The omission was glaring

Monday, January 17th, 2022

On Sept. 25, the Academy Museum of Motion Pictures held its opening gala, and influential Academy members were outraged that Hollywood’s origin story was conspicuously absent:

Anti-Defamation League CEO Jonathan Greenblatt, who was on hand for the gala, was immediately struck by the lapse. “I would’ve hoped that any honest historical assessment of the motion picture industry — its origins, its development, its growth — would include the role that Jews played in building the industry from the ground up,” he says. “As I walked through, I literally turned to the person I was there with and said to him, ‘Where are the Jews?’ The omission was glaring.”

That sentiment is being echoed from Hollywood’s C-suites to the halls of academia. “It’s sort of like building a museum dedicated to Renaissance painting, and ignoring the Italians,” says Hollywood historian and Brandeis University professor Thomas Doherty. “That generation of early moguls — Carl Laemmle, Jack Warner, we know all their names — is a terrific story of upward mobility, living the American dream. It’s one of the great contributions of American Jews to American culture.”

I remember watching a documentary a few years back on the early days of Hollywood, and I was shocked that its message was effectively, the Jews control Hollywood, and that’s great! It was jarring to see such an unacceptable claim presented as true and good.

A few decades before that, it was acknowledged and good for a laugh:

Years ago at the elaborate annual SHARE fund-raising party in Hollywood, Phil Silvers and Polly Bergen did a number called “The Rabbi and the Nun,” in which he and she, suitably costumed, argued over who had the most influence in the industry, the Jews or the Catholics.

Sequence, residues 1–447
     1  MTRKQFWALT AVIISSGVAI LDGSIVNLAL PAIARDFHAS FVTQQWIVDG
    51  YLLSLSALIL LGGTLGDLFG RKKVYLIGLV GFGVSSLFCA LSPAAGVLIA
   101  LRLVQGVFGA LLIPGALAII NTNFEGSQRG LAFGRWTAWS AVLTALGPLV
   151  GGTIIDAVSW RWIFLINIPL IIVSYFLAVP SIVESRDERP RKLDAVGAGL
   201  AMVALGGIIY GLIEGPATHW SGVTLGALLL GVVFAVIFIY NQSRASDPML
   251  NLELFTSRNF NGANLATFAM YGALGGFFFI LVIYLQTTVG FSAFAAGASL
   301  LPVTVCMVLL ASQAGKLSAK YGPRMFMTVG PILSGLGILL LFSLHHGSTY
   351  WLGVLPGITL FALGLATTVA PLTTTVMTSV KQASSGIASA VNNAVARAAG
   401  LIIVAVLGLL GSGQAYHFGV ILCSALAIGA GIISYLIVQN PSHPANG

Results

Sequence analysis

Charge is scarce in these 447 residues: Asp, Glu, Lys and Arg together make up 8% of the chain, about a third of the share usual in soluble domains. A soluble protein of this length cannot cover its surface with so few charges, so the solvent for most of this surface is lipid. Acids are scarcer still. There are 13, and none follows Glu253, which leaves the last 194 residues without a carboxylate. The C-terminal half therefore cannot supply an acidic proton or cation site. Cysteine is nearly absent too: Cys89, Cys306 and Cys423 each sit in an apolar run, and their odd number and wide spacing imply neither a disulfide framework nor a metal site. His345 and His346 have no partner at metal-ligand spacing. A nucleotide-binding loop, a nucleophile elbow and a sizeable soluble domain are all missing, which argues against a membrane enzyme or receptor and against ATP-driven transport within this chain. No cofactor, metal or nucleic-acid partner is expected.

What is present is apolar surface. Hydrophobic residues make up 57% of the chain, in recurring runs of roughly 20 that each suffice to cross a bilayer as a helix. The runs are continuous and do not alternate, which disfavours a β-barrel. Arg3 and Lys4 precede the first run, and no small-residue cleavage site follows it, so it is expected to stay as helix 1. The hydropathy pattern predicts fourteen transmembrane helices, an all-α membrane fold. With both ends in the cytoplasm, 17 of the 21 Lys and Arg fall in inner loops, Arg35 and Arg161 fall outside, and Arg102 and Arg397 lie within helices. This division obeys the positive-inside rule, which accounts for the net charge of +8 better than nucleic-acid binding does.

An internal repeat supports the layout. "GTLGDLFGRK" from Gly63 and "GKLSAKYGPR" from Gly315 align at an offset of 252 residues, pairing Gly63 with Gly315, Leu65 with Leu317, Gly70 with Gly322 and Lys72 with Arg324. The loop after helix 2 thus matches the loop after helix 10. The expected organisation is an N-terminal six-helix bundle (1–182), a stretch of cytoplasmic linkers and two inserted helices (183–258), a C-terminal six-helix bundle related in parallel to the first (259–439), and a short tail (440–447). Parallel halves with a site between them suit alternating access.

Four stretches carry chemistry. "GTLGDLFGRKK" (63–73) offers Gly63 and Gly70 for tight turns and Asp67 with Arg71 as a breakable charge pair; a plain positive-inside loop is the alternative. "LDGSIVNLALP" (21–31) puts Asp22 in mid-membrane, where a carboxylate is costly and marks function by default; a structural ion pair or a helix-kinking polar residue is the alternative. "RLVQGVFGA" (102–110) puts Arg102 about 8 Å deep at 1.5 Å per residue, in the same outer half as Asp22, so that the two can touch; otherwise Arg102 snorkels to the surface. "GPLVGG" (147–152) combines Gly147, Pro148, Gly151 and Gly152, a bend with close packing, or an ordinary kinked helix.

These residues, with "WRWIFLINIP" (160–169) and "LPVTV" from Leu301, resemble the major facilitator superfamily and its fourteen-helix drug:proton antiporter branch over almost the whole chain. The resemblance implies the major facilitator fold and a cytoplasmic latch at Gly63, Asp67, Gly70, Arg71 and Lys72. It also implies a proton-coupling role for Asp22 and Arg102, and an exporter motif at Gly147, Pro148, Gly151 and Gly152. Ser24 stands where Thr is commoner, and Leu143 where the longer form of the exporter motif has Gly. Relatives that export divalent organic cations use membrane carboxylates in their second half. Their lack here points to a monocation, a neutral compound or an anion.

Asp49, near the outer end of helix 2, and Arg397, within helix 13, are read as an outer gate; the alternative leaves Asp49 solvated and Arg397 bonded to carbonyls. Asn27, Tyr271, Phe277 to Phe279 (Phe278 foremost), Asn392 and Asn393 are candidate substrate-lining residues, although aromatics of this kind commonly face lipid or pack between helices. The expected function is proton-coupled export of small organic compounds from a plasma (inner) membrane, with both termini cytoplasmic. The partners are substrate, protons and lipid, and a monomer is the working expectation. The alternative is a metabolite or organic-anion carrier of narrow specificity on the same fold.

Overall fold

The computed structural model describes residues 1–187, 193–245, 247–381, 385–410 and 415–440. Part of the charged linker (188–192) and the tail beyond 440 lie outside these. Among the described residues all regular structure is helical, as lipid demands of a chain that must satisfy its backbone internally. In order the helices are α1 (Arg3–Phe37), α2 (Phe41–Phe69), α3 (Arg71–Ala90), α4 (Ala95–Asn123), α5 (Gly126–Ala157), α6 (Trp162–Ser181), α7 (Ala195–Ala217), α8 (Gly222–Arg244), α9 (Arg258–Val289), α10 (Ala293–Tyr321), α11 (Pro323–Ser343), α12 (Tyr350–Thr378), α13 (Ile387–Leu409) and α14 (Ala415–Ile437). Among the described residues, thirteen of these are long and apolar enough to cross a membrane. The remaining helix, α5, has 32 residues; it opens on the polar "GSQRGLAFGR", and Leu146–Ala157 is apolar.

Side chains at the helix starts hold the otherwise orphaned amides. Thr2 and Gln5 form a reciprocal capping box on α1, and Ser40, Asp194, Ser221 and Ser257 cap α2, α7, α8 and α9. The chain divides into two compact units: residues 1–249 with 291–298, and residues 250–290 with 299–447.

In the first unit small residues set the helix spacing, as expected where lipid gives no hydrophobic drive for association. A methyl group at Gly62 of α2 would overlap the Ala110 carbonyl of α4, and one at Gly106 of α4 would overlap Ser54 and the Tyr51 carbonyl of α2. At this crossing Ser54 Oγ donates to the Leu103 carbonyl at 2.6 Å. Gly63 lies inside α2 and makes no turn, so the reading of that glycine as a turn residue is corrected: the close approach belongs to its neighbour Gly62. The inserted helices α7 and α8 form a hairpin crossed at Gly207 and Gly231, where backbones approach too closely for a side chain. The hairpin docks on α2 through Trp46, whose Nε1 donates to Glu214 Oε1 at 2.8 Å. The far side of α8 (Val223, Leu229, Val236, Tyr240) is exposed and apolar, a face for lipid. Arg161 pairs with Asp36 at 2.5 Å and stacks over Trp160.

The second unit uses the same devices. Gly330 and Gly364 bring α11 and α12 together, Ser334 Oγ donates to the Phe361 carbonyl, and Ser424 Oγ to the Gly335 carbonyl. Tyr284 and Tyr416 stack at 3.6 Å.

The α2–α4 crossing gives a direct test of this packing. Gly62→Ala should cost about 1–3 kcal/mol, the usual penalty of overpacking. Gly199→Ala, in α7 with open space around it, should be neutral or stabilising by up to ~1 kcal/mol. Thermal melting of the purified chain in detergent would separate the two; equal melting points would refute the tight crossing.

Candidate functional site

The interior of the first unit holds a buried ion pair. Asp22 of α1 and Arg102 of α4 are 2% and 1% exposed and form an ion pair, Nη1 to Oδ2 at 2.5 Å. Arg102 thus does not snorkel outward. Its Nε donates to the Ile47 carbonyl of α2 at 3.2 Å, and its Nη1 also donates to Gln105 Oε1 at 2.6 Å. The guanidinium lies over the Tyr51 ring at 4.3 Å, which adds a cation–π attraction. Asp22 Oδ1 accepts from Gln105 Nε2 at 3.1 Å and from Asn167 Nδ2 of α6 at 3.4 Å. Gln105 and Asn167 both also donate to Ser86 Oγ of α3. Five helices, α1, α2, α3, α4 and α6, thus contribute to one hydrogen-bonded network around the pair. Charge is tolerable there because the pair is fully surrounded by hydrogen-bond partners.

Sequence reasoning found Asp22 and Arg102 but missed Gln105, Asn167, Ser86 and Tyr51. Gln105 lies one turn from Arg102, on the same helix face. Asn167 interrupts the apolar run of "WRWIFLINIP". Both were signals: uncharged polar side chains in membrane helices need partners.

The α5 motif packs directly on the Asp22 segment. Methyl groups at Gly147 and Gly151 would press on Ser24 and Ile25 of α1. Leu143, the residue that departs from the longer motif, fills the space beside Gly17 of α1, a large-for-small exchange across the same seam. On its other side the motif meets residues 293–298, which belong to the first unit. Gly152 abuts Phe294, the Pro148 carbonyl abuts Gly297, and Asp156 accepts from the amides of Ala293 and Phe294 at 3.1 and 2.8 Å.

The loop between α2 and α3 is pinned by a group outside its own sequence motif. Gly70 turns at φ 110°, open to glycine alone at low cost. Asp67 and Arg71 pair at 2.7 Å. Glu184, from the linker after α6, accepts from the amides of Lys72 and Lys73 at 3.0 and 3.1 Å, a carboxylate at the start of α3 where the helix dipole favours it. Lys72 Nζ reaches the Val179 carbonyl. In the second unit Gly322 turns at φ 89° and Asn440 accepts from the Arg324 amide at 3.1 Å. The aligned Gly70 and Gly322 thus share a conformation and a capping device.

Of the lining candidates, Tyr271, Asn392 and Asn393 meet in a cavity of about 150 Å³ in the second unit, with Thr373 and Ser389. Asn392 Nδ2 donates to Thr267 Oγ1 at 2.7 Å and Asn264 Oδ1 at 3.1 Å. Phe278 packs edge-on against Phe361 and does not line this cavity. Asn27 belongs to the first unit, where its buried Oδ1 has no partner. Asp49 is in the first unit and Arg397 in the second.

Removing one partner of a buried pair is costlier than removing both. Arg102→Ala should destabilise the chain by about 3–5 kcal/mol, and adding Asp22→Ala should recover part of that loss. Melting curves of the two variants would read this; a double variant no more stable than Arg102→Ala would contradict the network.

The nun offered the likes of Loretta Young, Irene Dunne, Bing Crosby and Leo McCarey, the director. The rabbi countered with Louis B. Mayer, Harry Cohn, Sam Goldwyn, the Brothers Warner, Adolph Zukor, Carl Laemmle and an inexhaustible list of producers, directors and actors.

The contest was so one-sided that at last the nun said in exasperation, “The next thing you know, you’ll be telling me that our Dear Lord Himself was….” Her voice trailed off.


  1. Steven says:

    Perfect example of a “Celebration Parallax” as coined by Michael Anton:

    “The Celebration Parallax may be stated as: ‘the same fact pattern is either true and glorious or false and scurrilous depending on who states it.’ In contemporary speech, on any ‘controversial’ topic—or, to say better, regime priority — the decisive factor is the intent of the speaker. If she can be presumed to be celebrating the phenomenon under discussion, she may shout her approval from the rooftops. If not, he better shut up before someone comes along to shut him up.”

Leave a Reply